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From NPR News, This is ALL THINGS CONSIDERED from NPR News. I'm Audie Cornish.
ROBERT SIEGEL, HOST:
I'm Robert Siegel. And in this part of the program it's All Tech Considered.
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SIEGEL: This week, our tech team is exploring what is called the sharing economy. Our Internet-connected world makes it easy for anyone to offer up an unused resource for sale or for rent, like an empty bedroom or a parked car, or a skill online. This has become such a common way of doing business that it's now being studied as a piece of the overall economy. Billions of dollars are changing hands this way.
Danielle Sacks, of Fast Company magazine, has been tracking the sharing economy for several years, and she joins us to tell us just how important it's become. Welcome to the program, Danielle.
DANIELLE SACKS: Thanks so much for having me.
SIEGEL: And first of all, we're not really talking about sharing but selling. What makes selling in this way different from Amazon or CraigsList?
SACKS: Sure, that brings up a great point that it has a sort of very warm and fuzzy, kindergarteny feeling to it almost. But the reality is, I think what really sort of got the attention of venture capitalists and people with money, and the idea that there is money to be made, is this notion of underutilized assets, which is sort of feels like it is on the opposite end of sharing.
But this notion that we all have things in our lives that sit there for a lot of time - whether it's your car, whether it's your driveway, whether it's a piece of electronic equipment or your clothing - and that what if we can use all the connectivity that we have through the Web, and through technology, to rent and borrow and basically find a way to make a profit off all of that?
SIEGEL: People who observe this economic activity speak of a shift from ownership to access. What do they mean by that?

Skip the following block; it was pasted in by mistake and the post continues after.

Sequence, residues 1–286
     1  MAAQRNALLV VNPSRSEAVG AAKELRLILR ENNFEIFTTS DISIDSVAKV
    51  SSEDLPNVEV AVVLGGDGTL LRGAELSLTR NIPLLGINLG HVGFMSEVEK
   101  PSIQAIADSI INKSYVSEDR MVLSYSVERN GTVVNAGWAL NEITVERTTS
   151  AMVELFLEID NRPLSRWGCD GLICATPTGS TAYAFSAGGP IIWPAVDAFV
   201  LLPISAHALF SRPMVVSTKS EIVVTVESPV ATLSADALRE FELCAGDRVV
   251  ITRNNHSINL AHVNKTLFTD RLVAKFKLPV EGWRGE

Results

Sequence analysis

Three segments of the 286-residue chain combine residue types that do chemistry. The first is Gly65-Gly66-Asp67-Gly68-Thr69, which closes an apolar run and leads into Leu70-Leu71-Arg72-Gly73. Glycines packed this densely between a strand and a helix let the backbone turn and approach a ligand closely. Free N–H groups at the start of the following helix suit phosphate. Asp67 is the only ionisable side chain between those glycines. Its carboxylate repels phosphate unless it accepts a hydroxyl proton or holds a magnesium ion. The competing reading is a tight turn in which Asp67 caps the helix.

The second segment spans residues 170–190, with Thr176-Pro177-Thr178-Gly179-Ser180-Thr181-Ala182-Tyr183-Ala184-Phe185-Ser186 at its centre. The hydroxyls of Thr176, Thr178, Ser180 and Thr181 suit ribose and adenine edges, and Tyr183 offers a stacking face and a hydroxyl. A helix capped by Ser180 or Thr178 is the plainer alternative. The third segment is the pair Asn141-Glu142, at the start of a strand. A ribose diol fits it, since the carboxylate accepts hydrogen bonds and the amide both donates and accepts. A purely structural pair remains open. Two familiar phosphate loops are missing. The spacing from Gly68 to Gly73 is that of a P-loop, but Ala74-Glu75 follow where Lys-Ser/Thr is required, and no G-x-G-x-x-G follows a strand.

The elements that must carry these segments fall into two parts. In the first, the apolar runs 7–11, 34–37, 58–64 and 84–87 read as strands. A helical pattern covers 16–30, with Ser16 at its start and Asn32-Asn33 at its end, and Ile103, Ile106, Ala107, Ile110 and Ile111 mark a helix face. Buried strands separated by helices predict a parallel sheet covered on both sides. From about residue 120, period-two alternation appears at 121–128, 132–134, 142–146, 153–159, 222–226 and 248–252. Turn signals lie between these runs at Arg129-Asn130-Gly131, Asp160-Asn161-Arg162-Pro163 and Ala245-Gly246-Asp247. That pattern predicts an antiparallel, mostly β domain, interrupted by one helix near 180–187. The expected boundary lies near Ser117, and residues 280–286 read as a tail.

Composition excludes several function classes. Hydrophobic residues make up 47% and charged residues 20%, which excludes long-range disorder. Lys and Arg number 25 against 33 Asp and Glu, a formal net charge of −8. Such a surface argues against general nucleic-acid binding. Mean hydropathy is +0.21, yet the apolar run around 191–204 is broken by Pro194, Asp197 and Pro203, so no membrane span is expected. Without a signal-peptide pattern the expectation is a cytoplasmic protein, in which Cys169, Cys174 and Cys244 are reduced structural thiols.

SACKS: Well, the idea is that I think particularly in the wake of the financial crisis and you have sort of the whole Millennial generation coming out of that and having a tough time finding jobs, and living, you know, as we all hear, in their parents' basements, this whole notion of the importance isn't really necessarily to own something. And again, this is sort of within the context of increasing concern about consumption and environmentalism, but the importance is to have access to things.
So, you know, why do I need to go out and spend $3,000 on a dress I'm going to wear for one night, when I can borrow it from Rent the Runway and pay, you know, 75 bucks and look just as fabulous? And then not have to worry about the fact that I have an irrelevant gown sitting in my closet for years and years to come.
SIEGEL: Well, if we can add up all of the gowns and all of the rooms that are rented out through, I guess, it's Airbnb or all of the cars that are rented out by the hour in this way, what does it come to? How big a sector is this?
SACKS: The number I've heard is as large as a $100 billion opportunity. You know, just if you look at the specific sectors there are now startups ranging every from, you know, food-sharing businesses to car-sharing to outsourcing every task in your life.
Something that seems as narrow as pet services is considered to be an $8 billion industry and so there are startups. There's one called DogVacay, which is basically, as many of these startups like to call themselves, the Airbnb of dogs.
SACKS: That's an $8 billion industry that they want to go and disrupt.
SIEGEL: As this sharing economy grows, do you get the sense that it actually adds to economic activity or does it just shift away from the traditional other ways in which people found these goods and services?
SACKS: I think it grows, you know, just because you're seeing people who - in the case of TaskRabbit, which is basically a platform that says you can outsource any task, you know, within legal constraints, ranging from, I need someone to pick my kids up from school today, to actually the most popular task on TaskRabbit - if you can believe this - is assembling IKEA furniture. So I don't want the headache of assembling IKEA furniture. I will pay someone to do that.
And so, people, whether, you know, I think for a lot of them - for a lot of people it's sort of a career stopgap, whether it's a student wanting to make some extra money on the side or someone who's found themselves unemployed and is cobbling together, you know, all of what they call these micro gigs. That is economics at work.
SIEGEL: Well, Danielle Sacks, of Fast Company magazine, thanks for talking with us about the sharing economy.
SACKS: Thank you.
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